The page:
In keeping with May graduations upon us, this article appeared in the old Andalusia Star, Sept. 25, 1941. “SENIOR CLASS (1942) VISITS MONTEZUMA – On Friday morning of last week, the entire senior government class visited the site of old Montezuma near the present Gantt’s Shack. This excursion was in connection with the large amount of research done by the government classes in regard to the history of Andalusia. Teacher Miss Grace Huff and Judge R. H. Jones accompanied the class. Judge Jones who is very much interested in the history of Covington County was able to give much information about Montezuma, the first site of the county seat.”

“In the course of nearly one hundred years, all traces of the old town, the one-mile racetrack, and the two ferry landings have been fairly obliterated. However, after searching for a while, some of the boys found the remains of what was probably one of the ferry landings.”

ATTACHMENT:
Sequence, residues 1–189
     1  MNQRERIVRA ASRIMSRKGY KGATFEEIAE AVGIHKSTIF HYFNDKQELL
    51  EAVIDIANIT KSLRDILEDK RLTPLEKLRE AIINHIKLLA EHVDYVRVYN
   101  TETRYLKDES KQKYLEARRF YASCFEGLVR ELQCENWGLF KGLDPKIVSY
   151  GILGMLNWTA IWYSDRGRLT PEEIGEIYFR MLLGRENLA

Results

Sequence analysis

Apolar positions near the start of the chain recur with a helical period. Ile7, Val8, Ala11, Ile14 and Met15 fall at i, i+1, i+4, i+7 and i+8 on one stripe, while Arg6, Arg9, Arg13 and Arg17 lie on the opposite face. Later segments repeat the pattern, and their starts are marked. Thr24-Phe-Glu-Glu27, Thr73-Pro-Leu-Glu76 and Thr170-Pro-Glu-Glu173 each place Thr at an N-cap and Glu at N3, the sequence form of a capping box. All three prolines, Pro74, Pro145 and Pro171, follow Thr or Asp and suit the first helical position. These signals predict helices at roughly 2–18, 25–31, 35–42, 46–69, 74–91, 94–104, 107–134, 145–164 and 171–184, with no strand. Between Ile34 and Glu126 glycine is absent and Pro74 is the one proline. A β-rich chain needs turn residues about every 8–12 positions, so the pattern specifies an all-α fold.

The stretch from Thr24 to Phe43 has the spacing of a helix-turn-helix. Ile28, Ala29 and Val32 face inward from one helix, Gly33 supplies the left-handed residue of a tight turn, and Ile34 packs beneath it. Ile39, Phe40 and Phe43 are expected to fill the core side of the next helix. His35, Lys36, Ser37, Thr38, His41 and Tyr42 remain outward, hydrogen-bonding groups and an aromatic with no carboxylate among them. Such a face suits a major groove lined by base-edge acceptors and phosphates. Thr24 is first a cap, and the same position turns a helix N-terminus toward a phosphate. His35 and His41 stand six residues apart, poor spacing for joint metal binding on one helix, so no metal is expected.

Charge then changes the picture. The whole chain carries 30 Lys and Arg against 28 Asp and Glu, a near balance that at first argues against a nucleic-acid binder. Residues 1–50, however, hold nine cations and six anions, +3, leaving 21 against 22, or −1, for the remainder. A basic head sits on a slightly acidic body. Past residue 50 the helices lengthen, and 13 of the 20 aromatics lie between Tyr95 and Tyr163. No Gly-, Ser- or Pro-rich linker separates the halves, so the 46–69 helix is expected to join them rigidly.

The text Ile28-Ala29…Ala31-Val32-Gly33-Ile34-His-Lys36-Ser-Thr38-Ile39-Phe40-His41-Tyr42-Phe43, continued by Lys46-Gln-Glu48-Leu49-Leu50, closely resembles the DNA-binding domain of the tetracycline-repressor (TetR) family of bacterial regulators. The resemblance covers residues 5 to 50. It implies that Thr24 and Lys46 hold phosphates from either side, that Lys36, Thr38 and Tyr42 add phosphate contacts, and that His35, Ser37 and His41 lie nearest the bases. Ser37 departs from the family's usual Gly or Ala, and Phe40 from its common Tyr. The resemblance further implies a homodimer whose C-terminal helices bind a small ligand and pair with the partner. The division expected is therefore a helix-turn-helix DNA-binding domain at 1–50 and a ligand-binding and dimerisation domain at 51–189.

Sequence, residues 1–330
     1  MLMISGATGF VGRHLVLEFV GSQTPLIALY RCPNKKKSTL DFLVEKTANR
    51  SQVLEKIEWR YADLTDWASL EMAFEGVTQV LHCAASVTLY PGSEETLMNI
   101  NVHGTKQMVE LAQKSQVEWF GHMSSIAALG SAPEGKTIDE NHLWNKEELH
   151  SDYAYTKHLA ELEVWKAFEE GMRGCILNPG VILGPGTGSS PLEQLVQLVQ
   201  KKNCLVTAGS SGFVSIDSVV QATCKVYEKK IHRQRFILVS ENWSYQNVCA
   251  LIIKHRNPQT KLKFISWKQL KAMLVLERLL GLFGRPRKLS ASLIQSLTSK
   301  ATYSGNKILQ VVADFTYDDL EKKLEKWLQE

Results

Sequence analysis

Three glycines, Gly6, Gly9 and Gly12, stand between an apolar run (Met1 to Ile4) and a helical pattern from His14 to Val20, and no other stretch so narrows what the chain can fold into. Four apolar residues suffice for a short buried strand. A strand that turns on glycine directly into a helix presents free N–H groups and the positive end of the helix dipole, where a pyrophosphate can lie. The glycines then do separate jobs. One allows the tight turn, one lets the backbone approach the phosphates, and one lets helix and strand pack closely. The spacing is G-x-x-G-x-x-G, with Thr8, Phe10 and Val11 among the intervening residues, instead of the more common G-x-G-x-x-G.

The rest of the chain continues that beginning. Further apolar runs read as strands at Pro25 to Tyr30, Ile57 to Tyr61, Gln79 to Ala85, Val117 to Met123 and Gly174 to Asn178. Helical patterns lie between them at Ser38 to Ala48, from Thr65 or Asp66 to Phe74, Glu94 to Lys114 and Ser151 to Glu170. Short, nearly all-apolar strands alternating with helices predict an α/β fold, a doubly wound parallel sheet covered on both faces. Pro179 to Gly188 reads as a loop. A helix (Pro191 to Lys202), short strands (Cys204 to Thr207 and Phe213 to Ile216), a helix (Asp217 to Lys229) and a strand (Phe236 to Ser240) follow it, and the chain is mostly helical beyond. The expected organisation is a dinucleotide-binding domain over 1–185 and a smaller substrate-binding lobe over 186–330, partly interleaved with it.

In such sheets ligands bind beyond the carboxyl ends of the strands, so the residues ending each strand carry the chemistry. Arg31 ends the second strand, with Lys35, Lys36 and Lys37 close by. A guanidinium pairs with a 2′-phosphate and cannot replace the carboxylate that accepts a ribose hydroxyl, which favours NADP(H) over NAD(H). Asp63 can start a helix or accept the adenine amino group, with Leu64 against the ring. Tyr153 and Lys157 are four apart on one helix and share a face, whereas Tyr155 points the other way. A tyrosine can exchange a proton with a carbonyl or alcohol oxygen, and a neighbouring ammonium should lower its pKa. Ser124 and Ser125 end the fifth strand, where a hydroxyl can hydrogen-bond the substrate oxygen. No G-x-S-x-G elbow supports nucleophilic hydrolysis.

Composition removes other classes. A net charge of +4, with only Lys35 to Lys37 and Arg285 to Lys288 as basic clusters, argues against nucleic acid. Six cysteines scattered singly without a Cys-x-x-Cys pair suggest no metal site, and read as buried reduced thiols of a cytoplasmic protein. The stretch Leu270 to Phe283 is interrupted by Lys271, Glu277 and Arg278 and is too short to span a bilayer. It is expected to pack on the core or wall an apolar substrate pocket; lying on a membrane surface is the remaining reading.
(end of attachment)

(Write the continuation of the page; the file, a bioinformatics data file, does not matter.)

“Each student was asked to take notes and write a theme on this excursion. Due to the fact that there is much dispute about the date of the centennial of the founding of Andalusia where it is now, several enthusiasts are dusting off old records. This work will continue for several weeks more.” (Little did one of those students (Sidney Waits) know in 1941 that his work on the history of Andalusia would go on for a lifetime! His love for history began in high school as a student and staff member of the Andy Hi-Lite!)

From the Covington News of Sept. 18, 1930, the Waits quote the editor, “ANDALUSIA IN 1880 – A picturesque description of Andalusia as it was a half a century ago is given in the news article: In the center of the square there was a little hut used for a courthouse. Around the square there were several bar rooms supplying any quantity of pure whiskey at cheap prices. Probably within a radius of one mile from the square, a dozen families resided. The square was covered with weeds as high as a man’s head, fully matured and taking on the golden glory of Autumn. No noise broke the stillness save an occasional whoop from an inebriate or the poop of a teamster’s whip or the hoot of the owls at night.”